Protect Your Brain With These Fatty Foods

Mediterranean diet may reduce dementia and Alzheimer's disease

Mediterranean diet
Gabriel Bucataru/Stocksy United

Of the many illnesses that are related to aging, a worsening memory and eventual dementia are among the most frightening. If there's good news for an aging population, it's the growing evidence that modifiable risk factors—that is, lifestyle habits within our control—play a role in preventing dementia and its most common form, Alzheimer's disease.

A  2015 study published in JAMA Internal Medicine examined the role that nuts and olive oil played, when added to plant-based Mediterranean diet, in the development of cognitive decline.

While the study was relatively small (447 men and women), it was conducted as a randomized clinical trial, which is considered the gold standard of study design because it minimizes bias on the part of the researchers, and more clearly suggests causation. The only difference between subjects is the random assigning of "interventions," whether a drug, environmental exposure, task, or element of diet.

Why Nuts and Olive Oil?

So-called oxidative stress is considered a major factor in the development of dementia. As part of the natural metabolic processes of cells, free radicals are produced and are usually cleaned up nicely by the body's defense system. Overproduction of these unstable molecules can overwhelm our immune systems and harm cells, but antioxidant components in the food we eat are believed to counteract this process.  

Enter the antioxidant-rich Mediterranean diet, named after countries along the Mediterranean Sea that generally eat plants, nuts, fish, whole grains, and healthy fats like olive oil, while consuming little red meat.

Incidence of heart disease in Mediterranean countries such as Greece, Italy, and France is significantly lower than in North America.

What the Researchers Prescribed

A total of 447 older participants with an average age of just under 67 years were recruited in Barcelona, Spain, as part of a nutrition study of those at high cardiovascular risk.

The trial Prevencion con Dieta Mediterranea was conducted between 2003 and 2009. The subjects were divided into three groups for the study, and randomly assigned to either a Mediterranean diet supplemented with a large dose of extra virgin olive oil (1 litre/week), a Mediterranean diet supplemented with about 1 oz (30g) of mixed nuts per day, or a low-fat control diet. Participants were tested for cognitive ability through tests for memory, attention, and executive function (higher thought skills) at the beginning of the study, and in followup after an average of 4.1 years.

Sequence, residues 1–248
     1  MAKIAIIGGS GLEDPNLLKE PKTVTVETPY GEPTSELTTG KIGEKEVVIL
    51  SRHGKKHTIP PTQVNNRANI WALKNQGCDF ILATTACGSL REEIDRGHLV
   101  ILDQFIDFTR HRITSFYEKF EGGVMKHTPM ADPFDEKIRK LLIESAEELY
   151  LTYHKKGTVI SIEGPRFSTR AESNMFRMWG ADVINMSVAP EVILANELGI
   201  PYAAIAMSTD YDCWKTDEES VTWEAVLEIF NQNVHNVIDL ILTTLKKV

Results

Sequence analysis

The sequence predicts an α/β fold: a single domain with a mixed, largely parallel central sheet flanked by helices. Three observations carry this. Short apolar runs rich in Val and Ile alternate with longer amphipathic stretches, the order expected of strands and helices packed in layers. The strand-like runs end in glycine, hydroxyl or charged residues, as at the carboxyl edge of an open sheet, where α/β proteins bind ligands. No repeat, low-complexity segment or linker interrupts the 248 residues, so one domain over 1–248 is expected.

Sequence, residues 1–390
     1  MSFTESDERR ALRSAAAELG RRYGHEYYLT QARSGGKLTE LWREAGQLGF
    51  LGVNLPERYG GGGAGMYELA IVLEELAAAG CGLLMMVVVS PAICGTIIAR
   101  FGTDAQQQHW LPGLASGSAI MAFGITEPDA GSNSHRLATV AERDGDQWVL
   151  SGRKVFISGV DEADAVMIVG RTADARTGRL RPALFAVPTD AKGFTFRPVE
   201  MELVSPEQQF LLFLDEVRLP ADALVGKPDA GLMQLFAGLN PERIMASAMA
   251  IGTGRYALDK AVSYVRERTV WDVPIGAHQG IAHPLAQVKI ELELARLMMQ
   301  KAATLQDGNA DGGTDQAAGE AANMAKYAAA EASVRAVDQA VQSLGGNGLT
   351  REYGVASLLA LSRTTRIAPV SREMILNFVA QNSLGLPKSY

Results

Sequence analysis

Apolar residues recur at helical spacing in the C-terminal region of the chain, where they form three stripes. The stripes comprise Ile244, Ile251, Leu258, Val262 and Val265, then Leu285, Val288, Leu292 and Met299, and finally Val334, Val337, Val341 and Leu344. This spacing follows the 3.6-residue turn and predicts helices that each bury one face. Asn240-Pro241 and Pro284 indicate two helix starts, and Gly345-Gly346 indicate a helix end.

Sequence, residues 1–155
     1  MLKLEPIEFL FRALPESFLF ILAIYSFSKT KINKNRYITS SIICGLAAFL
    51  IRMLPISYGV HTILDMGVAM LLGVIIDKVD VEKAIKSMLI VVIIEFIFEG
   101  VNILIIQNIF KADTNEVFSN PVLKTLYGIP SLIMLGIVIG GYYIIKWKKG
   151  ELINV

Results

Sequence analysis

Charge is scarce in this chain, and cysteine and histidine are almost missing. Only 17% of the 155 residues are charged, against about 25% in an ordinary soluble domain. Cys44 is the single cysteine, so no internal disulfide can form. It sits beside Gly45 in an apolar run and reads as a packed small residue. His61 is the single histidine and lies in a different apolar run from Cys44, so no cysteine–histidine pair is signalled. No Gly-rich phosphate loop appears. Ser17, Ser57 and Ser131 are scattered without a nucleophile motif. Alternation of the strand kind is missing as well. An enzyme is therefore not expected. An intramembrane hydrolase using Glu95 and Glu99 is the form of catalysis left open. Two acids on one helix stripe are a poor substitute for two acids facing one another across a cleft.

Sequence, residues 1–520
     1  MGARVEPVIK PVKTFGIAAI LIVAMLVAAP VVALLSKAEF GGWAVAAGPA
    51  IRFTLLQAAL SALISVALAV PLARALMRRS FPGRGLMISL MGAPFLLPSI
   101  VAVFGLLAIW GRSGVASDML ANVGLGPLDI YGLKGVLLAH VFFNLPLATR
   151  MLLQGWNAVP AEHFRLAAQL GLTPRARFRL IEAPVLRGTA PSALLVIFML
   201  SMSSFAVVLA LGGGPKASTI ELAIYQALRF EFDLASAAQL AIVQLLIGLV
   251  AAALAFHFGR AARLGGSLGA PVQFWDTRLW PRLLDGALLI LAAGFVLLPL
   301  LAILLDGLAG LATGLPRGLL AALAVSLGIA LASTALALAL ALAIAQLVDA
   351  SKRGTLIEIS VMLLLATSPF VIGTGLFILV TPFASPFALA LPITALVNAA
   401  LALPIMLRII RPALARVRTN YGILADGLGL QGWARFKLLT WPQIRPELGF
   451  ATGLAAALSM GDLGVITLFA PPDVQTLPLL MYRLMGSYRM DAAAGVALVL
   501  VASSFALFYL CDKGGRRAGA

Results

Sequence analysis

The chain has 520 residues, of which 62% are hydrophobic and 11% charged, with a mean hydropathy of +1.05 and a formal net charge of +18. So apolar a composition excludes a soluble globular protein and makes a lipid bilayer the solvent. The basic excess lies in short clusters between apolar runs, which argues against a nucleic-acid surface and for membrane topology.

Nuts and Olive Oil Associated With Better Cognitive Performance

Among the low-fat diet control group, a significant decrease in all aspects of cognitive function was found. By comparison, subjects in the Mediterranean diet plus nuts group performed better in memory tests, and the Mediterranean diet plus olive oil group showed better performance in the executive function and global cognition tests in followup testing.

The study suggests that increasing olive oil and nut consumption along with a plant-based Mediterranean diet may help preserve cognitive function in older adults, a finding which builds on past research into the benefits of healthy fat intake and brain health. While this is a relatively small trial, with a short followup period given the length of time over which cognition can decline, it offers a promising finding given the lack of treatment—or a cure—for dementia and Alzheimer's disease. Without either, lifestyle changes in diet, physical activity, and stress management offer the best ways to save your memory.

Since the Mediterranean diet has been shown to offer protection against heart disease, diabetes, and certain cancers, without negative side effects, there are few reasons not to follow this healthy (and delicious) eating plan.


Valls-Pedret C, Sala-Vila A, Serra-Mir M, et al. Mediterranean Diet and Age-Related Cognitive Decline: A Randomized Clinical Trial. JAMA Intern Med. 2015;175(7):1094-103.

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